FRANKFURT (Reuters) - Volkswagen’s flagship Audi division reined in its spending plans for 2016 and delayed the construction of a new wind tunnel on Monday, after the German carmaking group was hit by a scandal over rigged emissions tests.
Audi, which made a higher operating profit than the VW group in the first nine months of 2015, said it would invest more than 3 billion euros ($3.3 billion) on plants and equipment in 2016.
A company source said the plan foresaw spending of 3.3 billion euros for next year. Under its previous budget drawn up a year ago, Audi announced investments of 17 billion euros over 2015-19, or an annual average of 3.4 billion euros.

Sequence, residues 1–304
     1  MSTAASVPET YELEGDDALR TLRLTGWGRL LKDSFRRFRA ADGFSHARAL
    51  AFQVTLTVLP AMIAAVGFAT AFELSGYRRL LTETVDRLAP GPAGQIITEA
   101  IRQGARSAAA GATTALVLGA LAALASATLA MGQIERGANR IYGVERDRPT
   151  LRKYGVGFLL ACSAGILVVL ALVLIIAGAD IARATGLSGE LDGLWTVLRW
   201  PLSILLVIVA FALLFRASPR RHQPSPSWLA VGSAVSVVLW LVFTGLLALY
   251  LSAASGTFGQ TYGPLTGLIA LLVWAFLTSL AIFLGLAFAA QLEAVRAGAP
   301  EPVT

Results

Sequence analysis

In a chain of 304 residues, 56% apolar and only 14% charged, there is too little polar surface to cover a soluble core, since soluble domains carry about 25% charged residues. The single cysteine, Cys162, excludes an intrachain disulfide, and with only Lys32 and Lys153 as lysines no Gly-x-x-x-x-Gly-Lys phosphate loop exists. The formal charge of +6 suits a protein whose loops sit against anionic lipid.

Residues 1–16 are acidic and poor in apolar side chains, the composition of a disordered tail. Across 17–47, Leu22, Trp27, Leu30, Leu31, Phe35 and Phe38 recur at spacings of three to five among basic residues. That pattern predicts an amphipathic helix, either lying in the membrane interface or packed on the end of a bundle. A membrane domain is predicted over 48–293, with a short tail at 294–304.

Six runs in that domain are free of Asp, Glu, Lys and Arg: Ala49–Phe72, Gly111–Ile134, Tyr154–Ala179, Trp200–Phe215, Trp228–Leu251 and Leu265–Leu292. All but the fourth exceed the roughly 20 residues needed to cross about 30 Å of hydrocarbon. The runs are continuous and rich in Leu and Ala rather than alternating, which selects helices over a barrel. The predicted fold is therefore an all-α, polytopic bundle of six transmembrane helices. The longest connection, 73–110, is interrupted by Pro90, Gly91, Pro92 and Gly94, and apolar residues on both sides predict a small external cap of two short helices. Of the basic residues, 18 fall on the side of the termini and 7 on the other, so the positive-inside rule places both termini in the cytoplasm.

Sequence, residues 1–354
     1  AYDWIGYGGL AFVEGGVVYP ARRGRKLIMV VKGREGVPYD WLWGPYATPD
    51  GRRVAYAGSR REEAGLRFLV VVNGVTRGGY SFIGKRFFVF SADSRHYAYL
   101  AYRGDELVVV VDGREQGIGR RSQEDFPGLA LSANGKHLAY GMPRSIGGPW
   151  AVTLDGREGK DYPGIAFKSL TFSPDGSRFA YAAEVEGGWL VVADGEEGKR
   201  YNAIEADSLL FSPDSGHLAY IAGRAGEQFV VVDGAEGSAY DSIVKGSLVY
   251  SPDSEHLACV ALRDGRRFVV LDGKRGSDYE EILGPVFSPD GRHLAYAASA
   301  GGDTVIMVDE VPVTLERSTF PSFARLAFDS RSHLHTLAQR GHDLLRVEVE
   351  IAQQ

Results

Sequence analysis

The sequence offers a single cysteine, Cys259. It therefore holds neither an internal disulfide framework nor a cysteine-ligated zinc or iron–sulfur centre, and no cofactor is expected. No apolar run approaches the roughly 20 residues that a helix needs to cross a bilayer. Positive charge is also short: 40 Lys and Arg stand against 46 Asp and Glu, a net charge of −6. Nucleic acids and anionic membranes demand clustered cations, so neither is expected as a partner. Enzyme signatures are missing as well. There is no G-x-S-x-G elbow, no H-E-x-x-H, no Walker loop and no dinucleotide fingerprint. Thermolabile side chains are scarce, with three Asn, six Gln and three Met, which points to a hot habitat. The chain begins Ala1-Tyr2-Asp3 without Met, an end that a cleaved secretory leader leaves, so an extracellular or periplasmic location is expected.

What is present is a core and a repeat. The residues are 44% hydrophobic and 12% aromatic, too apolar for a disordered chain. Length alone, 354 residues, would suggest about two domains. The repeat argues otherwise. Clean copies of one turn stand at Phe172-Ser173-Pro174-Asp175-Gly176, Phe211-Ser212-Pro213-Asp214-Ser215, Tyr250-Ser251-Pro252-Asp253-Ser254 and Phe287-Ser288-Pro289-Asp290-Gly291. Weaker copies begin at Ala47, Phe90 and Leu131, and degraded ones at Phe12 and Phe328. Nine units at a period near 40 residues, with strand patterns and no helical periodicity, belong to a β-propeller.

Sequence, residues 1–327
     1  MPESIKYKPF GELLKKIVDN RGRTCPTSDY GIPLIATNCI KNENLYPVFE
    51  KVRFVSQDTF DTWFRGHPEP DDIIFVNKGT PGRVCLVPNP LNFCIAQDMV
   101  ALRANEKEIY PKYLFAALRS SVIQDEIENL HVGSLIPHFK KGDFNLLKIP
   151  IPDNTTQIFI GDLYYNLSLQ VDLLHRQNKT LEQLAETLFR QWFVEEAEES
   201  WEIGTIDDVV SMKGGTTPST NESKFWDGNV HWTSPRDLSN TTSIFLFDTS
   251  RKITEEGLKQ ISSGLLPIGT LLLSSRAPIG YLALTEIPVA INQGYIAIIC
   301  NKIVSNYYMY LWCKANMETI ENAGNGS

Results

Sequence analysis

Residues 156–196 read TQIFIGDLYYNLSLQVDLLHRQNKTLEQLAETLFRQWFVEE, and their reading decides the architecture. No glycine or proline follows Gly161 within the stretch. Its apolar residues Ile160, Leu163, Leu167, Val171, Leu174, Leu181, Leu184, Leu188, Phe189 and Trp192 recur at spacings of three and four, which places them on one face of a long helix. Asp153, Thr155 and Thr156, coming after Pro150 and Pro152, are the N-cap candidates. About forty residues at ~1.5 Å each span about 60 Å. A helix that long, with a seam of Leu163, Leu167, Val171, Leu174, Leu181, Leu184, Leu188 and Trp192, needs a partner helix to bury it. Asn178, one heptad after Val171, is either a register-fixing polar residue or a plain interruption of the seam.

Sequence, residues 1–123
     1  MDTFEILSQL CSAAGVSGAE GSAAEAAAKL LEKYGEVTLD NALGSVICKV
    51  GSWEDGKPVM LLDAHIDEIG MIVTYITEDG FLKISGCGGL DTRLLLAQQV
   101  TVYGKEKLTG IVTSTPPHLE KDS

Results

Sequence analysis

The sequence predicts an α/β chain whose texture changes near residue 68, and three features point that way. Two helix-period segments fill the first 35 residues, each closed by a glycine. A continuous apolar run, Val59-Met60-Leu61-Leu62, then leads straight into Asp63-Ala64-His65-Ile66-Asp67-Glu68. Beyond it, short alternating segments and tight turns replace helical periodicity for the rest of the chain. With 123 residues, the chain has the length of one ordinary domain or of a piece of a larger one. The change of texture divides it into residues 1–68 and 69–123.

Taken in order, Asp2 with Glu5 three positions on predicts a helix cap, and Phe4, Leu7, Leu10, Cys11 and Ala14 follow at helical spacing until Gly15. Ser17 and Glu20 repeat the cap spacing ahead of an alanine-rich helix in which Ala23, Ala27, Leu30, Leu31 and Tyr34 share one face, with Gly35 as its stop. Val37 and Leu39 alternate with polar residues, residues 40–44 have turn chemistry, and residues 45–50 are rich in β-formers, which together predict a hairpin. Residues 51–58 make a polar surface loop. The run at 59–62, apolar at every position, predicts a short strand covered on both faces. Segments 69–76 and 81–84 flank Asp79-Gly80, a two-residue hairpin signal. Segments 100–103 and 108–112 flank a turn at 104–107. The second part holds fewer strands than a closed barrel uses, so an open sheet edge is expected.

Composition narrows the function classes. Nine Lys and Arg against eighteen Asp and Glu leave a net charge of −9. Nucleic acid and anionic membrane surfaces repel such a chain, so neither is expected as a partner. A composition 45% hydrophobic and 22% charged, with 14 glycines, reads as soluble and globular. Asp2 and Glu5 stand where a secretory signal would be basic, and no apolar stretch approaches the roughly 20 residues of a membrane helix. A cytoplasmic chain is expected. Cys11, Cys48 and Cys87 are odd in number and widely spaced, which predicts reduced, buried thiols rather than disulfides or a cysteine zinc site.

“With the current investment program, we obviously want to enhance the brand’s strong position, but at the same time, we aim to achieve additional financial scope by means of further process and cost optimization,” Audi finance chief Axel Strotbek said in a statement.
The move comes after VW, Europe’s biggest automotive group, cut 1 billion euros from its 2016 investment plan in November, as its emissions cheating scandal expanded to include tens of thousands more U.S. vehicles.
Audi vowed not to save at the expense of future growth but rather to examine every investment decision individually.
“The Board of Management has therefore decided to postpone the construction of a new wind tunnel for one year,” it said.
The company did not comment on investment plans beyond 2016.
Reporting by Maria Sheahan and Joern Poltz; Editing by Kirsti Knolle and Mark Potter